Vive la différence! L'affaire du foulard

Much has been made of the fact that France, the has banned the burqa, l'affaire du voile, with the exception of places of worship. Earlier in the year a law was passed that scarves covering the face were banned in schools and hospitals, as well as on public transport. Women, who violate this requirement will be fined €150 Euros and given a course of lectures on the basics of the secular foundations of the French Republic. Men, who force women to wear burqa, will face up to a year in prison.

Often overlooked is the fact that it is also banned in public schools, government buildings etc in majority Muslim countries such as Tunisia (since 1981) and Turkey (since 1997). In Afghanistan, under the Taliban it was compulsory, as is the the headscarf (maghna'eh) in Iran.

In all the above cases the effort is made to emphasise the symbolic value of the burqa. In France the burqa is banned because it represents female submission, or because it is a symbol of religion contrary to the French dedication to laïcité. Australian conservative Greg Sheridan argues that the burqa ban in France is a symbol of equality. The Tunisian and Turkish government, as noted above, enforce a ban because the burqa is a symbol of Islamic fundamentalism. The Iranian and Taliban governments supported it for the same reasons.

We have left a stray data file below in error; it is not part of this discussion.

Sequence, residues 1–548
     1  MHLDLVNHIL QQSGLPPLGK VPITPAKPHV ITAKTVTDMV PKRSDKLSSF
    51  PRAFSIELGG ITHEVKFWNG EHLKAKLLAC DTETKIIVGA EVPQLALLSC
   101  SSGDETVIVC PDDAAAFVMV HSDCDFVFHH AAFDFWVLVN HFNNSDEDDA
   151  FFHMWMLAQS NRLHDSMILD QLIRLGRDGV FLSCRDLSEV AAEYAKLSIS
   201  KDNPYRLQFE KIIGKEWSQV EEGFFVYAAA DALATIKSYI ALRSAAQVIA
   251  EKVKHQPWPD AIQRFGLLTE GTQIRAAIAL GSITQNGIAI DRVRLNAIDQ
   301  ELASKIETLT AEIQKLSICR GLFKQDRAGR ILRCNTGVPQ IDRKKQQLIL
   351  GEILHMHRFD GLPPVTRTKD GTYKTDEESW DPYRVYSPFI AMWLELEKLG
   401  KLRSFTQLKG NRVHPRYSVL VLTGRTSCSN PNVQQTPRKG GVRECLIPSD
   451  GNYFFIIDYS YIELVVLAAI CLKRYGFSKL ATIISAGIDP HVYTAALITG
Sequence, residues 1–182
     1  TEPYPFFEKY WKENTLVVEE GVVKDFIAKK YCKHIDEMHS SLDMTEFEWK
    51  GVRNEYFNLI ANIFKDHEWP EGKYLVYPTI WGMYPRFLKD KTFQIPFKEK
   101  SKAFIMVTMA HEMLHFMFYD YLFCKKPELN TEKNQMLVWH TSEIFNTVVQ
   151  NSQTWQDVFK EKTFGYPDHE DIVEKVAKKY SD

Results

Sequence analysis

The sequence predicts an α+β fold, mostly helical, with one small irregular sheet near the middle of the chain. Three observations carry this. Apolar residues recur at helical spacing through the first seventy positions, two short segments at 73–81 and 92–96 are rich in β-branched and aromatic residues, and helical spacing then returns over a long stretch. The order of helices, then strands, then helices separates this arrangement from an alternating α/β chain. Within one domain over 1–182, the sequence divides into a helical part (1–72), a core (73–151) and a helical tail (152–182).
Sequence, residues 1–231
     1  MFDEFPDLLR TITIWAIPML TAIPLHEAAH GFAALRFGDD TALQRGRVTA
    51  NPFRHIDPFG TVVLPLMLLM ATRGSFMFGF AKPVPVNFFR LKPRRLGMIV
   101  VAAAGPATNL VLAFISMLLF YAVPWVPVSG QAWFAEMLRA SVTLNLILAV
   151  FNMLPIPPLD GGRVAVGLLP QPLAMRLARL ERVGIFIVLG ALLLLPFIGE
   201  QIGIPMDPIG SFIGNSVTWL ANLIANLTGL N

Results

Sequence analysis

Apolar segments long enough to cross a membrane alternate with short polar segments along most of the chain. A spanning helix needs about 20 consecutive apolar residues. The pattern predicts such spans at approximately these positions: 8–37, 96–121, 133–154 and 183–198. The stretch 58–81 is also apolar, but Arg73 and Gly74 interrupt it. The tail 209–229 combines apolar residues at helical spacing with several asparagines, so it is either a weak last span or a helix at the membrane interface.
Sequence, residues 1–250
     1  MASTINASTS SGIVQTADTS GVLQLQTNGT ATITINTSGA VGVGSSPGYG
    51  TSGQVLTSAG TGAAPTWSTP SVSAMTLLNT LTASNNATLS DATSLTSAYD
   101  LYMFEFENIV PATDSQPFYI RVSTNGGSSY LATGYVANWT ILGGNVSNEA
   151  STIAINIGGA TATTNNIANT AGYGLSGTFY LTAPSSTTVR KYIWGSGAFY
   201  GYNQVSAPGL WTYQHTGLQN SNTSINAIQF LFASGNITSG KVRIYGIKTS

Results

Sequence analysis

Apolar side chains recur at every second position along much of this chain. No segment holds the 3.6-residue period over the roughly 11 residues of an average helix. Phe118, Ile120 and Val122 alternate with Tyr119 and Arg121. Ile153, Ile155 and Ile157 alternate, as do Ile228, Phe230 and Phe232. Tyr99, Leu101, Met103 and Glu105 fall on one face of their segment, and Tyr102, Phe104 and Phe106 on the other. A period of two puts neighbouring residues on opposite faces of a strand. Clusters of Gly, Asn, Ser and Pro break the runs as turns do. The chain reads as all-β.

Isn't it about time that instead of presupposed symbolic representations that there was more effort to remove real women's oppression? Isn't the best method to provide women economic opportunities and political rights rather than restricting their natural rights and freedoms? As Professor Asma Afsaruddin, Professor of Islamic Studies at Indiana University, pointed out once again it is women's bodies that are being used against their will in this cultural conflict, this new Dreyfus Affair.

Those who force women to wear the burqa are just as bad as those who prevent women from wearing the burqa. Whether a particular clothing expresses religious symbolism or not, is irrelevant - all governments should be normatively agnostic. Liberty to wear what one desires, Equality of that right to all and a Fraternity of these universal rights are the genuine principles of the Enlightenment. Fortunately, it seems that some Muslim women are more dedicated to these rights than their lawmakers and have expressed their opinion in typical French style; Vive la différence!